From the Darkness spell in PHB:

Completely covering the source of the darkness with an opaque object, such as a bowl or a helm, blocks the darkness. If any of this spell’s area overlaps with an area of light created by a spell of 2nd level or lower, the spell that created the light is dispelled.

Suppose somebody casts Light or Continual Flame on a coin or similar small object, then drops it into a sealed opaque container.

Would they be able to carry it through the area of a darkness spell so long as the container remains sealed?

Stands to reason that if the Darkness can be blocked if it's completely covered, then it would also not be able to penetrate the container, even though the container is within its area of effect - i.e. is the Darkness's AoE limited to "outside the container" and the Light's AoE to "inside the container", so that they don't actually overlap?


2 Answers 2


The light is not dispelled

The PHB explains how to determine if something is considered part of an AOE or not:

If no unblocked straight line extends from the point of origin to a location within the area of effect, that location isn’t included in the spell’s area. To block one of these imaginary lines, an obstruction must provide total cover.

And the container counts as being full cover:

A target has total cover if it is completely concealed by an obstacle.

The light source, being completely sealed in an opaque container, effectively has full cover against darkness. No "unblocked straight line" can possibly get from the outside of a sealed container to the inside. It is physically obstructed from all sides.

This means that darkness does not have a clear path to the light source or any of the light that it generates. And, by extension, there is no way for the areas to overlap. Thus, darkness cannot dispel it.1

In the end the light is not dispelled but no light is visible in the area of darkness either.

1 - This might be true even for a transparent container since glass still provides total cover, though this is sa bit of a weird case. The light source still has complete cover against darkness which means that darkness has no clear path to get in. Thus, even in a transparent container darkness is not able to dispel light.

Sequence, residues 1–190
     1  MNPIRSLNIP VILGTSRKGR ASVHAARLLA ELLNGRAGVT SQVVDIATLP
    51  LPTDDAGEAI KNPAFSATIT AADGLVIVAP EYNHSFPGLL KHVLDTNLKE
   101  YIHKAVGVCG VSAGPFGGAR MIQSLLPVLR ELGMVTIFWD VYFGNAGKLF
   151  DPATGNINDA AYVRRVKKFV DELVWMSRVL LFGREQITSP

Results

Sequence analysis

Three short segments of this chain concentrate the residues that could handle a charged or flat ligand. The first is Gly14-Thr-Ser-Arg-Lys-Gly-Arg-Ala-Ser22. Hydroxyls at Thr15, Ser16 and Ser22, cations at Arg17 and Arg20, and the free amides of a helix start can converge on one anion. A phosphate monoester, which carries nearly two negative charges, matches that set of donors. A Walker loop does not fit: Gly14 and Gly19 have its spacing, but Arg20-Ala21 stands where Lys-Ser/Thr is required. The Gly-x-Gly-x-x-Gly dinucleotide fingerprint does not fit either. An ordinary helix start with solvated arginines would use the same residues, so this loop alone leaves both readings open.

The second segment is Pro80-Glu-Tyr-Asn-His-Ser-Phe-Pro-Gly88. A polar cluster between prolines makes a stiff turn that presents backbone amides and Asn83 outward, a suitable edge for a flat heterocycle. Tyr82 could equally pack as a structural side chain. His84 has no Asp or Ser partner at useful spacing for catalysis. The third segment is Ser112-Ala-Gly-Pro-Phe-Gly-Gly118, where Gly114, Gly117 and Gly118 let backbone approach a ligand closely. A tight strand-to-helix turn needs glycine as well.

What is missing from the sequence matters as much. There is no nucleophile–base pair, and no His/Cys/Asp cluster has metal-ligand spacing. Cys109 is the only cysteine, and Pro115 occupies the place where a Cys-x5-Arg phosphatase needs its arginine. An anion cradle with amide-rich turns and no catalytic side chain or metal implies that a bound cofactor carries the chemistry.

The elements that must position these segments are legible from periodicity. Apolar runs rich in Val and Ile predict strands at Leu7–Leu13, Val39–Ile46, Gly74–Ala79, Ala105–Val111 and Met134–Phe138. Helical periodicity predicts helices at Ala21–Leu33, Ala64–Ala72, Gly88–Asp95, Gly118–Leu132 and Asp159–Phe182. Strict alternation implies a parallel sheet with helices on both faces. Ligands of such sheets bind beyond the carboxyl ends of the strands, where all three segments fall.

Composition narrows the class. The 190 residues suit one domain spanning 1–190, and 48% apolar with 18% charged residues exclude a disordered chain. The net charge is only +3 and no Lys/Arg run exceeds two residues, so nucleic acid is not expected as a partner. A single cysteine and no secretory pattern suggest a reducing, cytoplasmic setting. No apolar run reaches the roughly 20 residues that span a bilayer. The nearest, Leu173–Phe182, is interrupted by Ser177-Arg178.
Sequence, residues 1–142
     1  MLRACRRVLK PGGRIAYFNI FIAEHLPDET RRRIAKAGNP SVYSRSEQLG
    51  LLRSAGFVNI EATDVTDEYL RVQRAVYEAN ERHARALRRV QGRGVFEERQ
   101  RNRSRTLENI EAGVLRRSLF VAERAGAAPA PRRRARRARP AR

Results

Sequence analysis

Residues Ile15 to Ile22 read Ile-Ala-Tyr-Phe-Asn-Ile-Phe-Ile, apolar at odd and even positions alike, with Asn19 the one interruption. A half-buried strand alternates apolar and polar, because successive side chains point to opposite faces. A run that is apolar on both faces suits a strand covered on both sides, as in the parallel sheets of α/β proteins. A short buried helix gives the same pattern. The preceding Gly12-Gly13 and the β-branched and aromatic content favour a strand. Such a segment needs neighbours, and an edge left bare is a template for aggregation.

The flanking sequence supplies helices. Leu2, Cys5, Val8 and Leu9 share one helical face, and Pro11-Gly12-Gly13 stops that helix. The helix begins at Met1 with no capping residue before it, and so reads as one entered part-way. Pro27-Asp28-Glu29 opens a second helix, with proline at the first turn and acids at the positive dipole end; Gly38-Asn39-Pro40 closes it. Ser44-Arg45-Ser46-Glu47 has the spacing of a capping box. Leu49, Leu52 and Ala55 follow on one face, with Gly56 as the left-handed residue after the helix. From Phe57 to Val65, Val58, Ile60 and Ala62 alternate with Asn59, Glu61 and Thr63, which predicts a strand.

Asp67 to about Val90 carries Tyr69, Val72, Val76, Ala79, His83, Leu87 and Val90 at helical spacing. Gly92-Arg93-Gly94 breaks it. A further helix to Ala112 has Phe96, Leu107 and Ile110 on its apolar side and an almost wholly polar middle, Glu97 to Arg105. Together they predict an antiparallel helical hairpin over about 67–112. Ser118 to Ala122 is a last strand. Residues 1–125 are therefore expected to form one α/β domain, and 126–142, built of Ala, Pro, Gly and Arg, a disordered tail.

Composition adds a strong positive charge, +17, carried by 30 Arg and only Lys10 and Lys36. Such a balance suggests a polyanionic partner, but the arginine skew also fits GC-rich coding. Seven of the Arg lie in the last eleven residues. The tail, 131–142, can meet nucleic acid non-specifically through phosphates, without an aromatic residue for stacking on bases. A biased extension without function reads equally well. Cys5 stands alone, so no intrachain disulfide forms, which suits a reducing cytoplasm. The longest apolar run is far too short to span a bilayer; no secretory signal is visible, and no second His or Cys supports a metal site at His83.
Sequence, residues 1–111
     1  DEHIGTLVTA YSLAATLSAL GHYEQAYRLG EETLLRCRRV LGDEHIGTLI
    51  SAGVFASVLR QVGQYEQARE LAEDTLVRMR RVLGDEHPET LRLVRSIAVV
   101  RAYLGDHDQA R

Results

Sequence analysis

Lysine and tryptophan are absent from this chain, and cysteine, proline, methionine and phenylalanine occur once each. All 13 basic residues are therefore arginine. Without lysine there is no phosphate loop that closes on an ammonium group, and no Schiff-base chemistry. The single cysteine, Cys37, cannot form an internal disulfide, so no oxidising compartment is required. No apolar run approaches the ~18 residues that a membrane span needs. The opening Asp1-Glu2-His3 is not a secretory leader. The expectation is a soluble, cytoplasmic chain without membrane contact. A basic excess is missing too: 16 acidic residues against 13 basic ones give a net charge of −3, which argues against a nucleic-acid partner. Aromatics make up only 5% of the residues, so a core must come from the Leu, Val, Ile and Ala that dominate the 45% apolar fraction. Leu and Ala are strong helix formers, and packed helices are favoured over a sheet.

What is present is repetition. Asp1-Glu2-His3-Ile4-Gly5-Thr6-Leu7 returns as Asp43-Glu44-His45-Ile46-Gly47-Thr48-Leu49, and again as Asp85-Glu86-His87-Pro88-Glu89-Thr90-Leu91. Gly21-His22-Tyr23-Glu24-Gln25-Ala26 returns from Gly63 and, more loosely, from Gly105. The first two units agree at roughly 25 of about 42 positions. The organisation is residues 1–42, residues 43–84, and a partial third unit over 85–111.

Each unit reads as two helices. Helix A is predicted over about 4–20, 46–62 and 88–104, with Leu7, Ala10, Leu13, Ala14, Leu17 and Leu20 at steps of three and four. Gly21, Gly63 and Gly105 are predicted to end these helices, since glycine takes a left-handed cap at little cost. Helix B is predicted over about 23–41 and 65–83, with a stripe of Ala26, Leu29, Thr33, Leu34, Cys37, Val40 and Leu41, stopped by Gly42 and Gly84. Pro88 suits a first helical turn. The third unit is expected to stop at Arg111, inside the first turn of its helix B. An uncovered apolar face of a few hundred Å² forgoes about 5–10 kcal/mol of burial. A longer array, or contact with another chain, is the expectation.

However, by this same logic light has no clear path to get out which strangely suggests that putting light in a transparent jar prevents it from shedding light outside of the jar. See this question for discussion: Will the effects of light shine through glass?


The light is not dispelled provided no light escapes the container

As OP quoted:

If any of this spell’s area overlaps with an area of light created by a spell of 2nd level or lower, the spell that created the light is dispelled.

If the light spell is allowed to affect an area outside the jar, the darkness would then overlap at least a portion of the area of light and thus dispel the light effect.

In other words, the description states only an area of the light needs to be overlapped, not completely encompassed, for the light spell to be dispelled. This means that even if the source of the light is protected by the encasement, the darkness "touches" any light emitted which is dispelled at the source. Anything which prevents the light or darkness from penetrating it would safeguard the light's source.


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